Now I would suggest that these observations on our or my normalising of my colour perception might be made quite interesting if we added the genetic to the environmental dimension, trying to determine what people with the various forms of red green colour-blindness experience after monocular and binocular red or green fatigue. Such experiments could not help adding something to our understanding of how it is that we impose correctives upon our subjective experience and hence tell us something about the mysterious relation between it and the objective.

I am now going to show a film. This film shows two things: first that, those who are determined to treat human genetic variation as socially neutral, are not always right. Second and directly in the present context it gives us some insight into a difference between the subjective experience of two kinds of people. I understand the film was monitored by a mosaic woman, one of whose eyes was red green colour blind.

There followed a film (copyright US Navy) showing a woman entering a colourful room first as seen with a normal eye, and then as seen with a red green colour blind eye)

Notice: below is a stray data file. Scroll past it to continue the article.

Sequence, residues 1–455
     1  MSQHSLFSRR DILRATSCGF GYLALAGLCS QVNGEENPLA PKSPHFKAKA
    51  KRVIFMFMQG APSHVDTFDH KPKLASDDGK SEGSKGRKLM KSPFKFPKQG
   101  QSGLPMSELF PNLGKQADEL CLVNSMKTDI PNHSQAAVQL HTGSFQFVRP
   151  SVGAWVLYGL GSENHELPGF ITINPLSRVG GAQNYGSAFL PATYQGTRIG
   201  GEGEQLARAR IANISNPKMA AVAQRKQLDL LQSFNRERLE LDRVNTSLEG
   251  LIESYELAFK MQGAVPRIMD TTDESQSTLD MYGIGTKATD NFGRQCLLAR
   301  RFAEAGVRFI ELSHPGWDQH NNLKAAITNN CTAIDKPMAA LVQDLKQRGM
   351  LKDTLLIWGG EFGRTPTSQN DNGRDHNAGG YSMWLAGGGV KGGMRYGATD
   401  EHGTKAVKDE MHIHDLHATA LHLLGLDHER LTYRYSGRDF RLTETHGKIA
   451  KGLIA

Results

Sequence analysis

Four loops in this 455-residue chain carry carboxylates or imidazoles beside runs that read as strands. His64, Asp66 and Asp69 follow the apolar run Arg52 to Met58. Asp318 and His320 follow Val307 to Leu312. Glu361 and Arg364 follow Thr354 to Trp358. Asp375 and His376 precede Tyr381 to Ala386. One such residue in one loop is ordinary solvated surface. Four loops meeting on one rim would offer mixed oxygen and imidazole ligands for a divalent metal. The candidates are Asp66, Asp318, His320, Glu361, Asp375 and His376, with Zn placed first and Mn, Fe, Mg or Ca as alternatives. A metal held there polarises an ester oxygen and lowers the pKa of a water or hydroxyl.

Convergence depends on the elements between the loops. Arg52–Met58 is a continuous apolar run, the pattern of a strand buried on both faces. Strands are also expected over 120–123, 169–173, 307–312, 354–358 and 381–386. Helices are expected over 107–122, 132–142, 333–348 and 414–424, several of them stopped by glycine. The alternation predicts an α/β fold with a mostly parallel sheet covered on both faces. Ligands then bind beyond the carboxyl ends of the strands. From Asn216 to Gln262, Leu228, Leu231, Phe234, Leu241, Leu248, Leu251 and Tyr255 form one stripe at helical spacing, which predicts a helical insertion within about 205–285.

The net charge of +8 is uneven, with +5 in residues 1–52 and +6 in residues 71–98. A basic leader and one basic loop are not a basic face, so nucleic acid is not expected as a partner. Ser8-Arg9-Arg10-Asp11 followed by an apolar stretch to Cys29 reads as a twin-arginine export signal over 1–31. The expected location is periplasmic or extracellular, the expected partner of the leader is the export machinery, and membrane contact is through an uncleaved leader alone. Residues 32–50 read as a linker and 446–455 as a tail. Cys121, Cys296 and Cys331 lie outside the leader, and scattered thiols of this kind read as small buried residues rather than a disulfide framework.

You may think this last suggestion of mine concerning the way to Jerusalem is rather foolish for it is to claim that we might transcend the conventional boundaries of science. However, I am unrepentant and take comfort from an old Bulgarian proverb which says "Many an ass has entered Jerusalem."

But at least I am sure that since our 100th meeting we have largely broken down much of the walls of Jericho and opened up new understanding in branch after branch of biology, and we may do well to remember that it all began with our founder, William Bateson, who had the temerity in 1894 to throw down the challenge to so many great thinkers from Plato onwards, by maintaining that the study of individual differences is at least as important, if not more so, as the study of species, types or essential forms.